Flexibility and Employment Security in Europe
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Flexibility and Employment Security in Europe

Labour Markets in Transition

Edited by Ruud Muffels

This book seeks to gain a better understanding of the paradoxical relationship between the alleged need of European labour markets to become more flexible and the way in which national policies pursue this aim without jeopardising existing high standards of income and employment security. Special interest is devoted to the way in which countries opt for different policy routes to cope with the aim of balancing flexibility and security goals in their respective labour market and social protection policies. The contributions in this book all try to unveil the particular changes or transitions occurring in the various labour markets, to learn about their medium and longer term effects and the role of institutions and policies to cushion the adverse consequences of these changes. By studying some ‘best practices’ in Denmark, Canada and Australia they also draw some important lessons about the reasons why national policies might either fail or better cope with the challenges Europe face today.
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Chapter 8: Self-employment Dynamics and ‘Transitional Labour Markets’: Some More UK Evidence

Nigel Meager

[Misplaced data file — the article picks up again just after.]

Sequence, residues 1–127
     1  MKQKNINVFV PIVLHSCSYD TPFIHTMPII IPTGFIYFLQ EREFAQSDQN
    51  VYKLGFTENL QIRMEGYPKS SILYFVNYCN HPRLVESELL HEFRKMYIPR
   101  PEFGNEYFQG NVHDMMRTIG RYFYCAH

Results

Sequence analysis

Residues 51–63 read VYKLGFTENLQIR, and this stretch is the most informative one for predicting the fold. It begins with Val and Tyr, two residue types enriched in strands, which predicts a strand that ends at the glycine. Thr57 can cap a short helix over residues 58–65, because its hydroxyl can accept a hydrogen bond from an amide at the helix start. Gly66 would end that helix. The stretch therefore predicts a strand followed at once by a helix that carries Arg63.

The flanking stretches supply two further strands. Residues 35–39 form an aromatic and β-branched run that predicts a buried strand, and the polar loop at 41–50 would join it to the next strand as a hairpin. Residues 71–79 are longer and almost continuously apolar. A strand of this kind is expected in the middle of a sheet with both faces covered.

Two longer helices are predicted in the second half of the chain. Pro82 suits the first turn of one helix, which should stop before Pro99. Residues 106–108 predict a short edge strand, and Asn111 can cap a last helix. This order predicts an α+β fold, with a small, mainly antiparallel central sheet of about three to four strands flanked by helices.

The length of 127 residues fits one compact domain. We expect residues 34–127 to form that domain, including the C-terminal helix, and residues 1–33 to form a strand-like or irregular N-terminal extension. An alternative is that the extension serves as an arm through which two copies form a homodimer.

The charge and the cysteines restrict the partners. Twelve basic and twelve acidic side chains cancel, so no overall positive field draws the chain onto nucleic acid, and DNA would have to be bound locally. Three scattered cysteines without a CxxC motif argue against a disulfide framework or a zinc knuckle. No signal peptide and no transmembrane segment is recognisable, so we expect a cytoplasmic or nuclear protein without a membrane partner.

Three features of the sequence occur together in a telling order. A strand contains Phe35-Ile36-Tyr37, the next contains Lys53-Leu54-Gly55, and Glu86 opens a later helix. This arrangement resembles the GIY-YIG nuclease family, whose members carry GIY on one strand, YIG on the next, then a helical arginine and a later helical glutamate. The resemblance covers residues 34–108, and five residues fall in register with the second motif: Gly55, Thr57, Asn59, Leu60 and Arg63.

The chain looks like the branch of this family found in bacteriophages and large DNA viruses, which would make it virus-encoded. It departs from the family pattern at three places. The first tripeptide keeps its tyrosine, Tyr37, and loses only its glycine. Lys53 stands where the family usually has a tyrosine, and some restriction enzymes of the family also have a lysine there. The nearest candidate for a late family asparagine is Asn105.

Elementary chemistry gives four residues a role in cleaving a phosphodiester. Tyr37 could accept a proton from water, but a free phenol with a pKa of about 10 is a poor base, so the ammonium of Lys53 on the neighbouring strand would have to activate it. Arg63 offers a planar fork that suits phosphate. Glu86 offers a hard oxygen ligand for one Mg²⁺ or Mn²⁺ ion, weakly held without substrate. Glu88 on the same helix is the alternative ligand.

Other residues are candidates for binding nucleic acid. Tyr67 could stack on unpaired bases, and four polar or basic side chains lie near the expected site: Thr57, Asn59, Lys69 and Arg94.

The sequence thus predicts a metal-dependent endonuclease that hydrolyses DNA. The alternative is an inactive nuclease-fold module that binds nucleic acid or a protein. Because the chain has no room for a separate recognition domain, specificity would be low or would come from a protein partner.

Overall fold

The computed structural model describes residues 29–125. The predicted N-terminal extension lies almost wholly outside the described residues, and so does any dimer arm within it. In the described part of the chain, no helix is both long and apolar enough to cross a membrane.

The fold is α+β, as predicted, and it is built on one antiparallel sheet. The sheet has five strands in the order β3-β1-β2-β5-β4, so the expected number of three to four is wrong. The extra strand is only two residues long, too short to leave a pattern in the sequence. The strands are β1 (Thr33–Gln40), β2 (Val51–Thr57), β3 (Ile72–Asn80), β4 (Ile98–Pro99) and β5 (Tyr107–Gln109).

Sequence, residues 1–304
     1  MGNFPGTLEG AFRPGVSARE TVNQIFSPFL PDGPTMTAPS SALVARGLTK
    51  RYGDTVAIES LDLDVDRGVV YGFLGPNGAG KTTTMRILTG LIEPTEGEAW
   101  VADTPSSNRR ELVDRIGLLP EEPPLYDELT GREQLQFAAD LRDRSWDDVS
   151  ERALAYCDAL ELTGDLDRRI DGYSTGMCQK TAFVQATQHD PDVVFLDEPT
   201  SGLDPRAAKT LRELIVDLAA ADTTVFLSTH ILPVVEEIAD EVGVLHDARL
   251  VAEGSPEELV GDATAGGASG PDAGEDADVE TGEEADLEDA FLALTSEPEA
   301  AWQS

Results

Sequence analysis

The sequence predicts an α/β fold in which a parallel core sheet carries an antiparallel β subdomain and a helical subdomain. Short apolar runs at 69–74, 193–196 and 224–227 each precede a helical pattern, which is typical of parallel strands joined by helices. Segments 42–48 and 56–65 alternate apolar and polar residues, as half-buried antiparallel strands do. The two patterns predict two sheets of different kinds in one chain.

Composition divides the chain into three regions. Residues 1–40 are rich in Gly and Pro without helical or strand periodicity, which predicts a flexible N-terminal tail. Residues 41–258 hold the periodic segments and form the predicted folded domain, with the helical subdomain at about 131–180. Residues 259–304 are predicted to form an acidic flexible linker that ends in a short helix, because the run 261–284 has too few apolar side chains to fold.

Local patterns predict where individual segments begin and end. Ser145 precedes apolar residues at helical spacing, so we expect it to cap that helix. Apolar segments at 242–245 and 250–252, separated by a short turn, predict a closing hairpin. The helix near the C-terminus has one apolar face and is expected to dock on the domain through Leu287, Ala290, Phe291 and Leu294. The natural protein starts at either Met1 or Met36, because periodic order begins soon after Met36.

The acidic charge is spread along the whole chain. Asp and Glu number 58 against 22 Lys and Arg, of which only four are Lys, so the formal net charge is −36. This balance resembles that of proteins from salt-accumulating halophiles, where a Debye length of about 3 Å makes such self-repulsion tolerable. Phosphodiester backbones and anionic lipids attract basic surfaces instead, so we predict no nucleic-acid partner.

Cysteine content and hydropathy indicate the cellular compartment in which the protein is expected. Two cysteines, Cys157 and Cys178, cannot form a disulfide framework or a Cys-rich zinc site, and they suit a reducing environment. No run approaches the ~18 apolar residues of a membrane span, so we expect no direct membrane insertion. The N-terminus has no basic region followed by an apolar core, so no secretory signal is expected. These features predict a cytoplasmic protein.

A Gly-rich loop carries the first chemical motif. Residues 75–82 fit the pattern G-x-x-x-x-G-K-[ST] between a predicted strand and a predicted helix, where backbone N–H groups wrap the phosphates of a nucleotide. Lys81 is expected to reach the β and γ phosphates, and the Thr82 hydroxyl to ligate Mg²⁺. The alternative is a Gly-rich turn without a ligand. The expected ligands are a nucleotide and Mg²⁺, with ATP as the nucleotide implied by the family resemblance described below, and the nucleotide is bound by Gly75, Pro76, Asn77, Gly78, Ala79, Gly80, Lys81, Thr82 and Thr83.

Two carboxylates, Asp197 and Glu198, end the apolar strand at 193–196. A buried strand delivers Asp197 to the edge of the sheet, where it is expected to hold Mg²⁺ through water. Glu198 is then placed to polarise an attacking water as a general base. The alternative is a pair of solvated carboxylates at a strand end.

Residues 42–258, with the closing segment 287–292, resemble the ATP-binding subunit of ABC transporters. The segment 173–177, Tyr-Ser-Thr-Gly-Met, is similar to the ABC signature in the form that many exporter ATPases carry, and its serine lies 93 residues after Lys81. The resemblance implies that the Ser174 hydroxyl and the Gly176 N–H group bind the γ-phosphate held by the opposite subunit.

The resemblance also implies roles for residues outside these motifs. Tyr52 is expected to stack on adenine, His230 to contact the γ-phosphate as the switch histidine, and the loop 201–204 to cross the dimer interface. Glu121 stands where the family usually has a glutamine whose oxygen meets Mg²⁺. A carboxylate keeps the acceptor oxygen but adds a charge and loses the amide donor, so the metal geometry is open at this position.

Nigel Meager 8.1 INTRODUCTION This chapter looks at the potential contribution of self-employment to the dynamics of modern, transitional labour markets (TLM), building on previous work by the author (Meager and Bates, 2002). The question we are concerned with is whether self-employment transitions have a positive or negative effect on labour market dynamics. On the positive side, do they: help to keep people attached to the labour market that might otherwise fall out; offer entry routes to people who might otherwise not get into the labour market or improve the career trajectories of people who might otherwise end up in social exclusion or low wage traps? Or, on the negative side, are they associated with worse outcomes than other kinds of transitions, with low wages, social exclusion and so on? The chapter reviews and adds to the evidence on these issues for the case of the UK. The UK is of some interest because of its unusual trajectory of self-employment in the last two decades. Additionally, it presents an interesting example of an economy which is, on the one hand, relatively favourable to self-employment entry (because of its liberal regulatory regime, a deregulated capital market, the unusual structure of its housing market and so on); and on the other hand an economy in which the institutional infrastructure to mitigate negative effects of the wider extension of selfemployment (for example, through appropriate pension and social security arrangements, training and education regimes) is relatively under-developed. The chapter starts with an account of...

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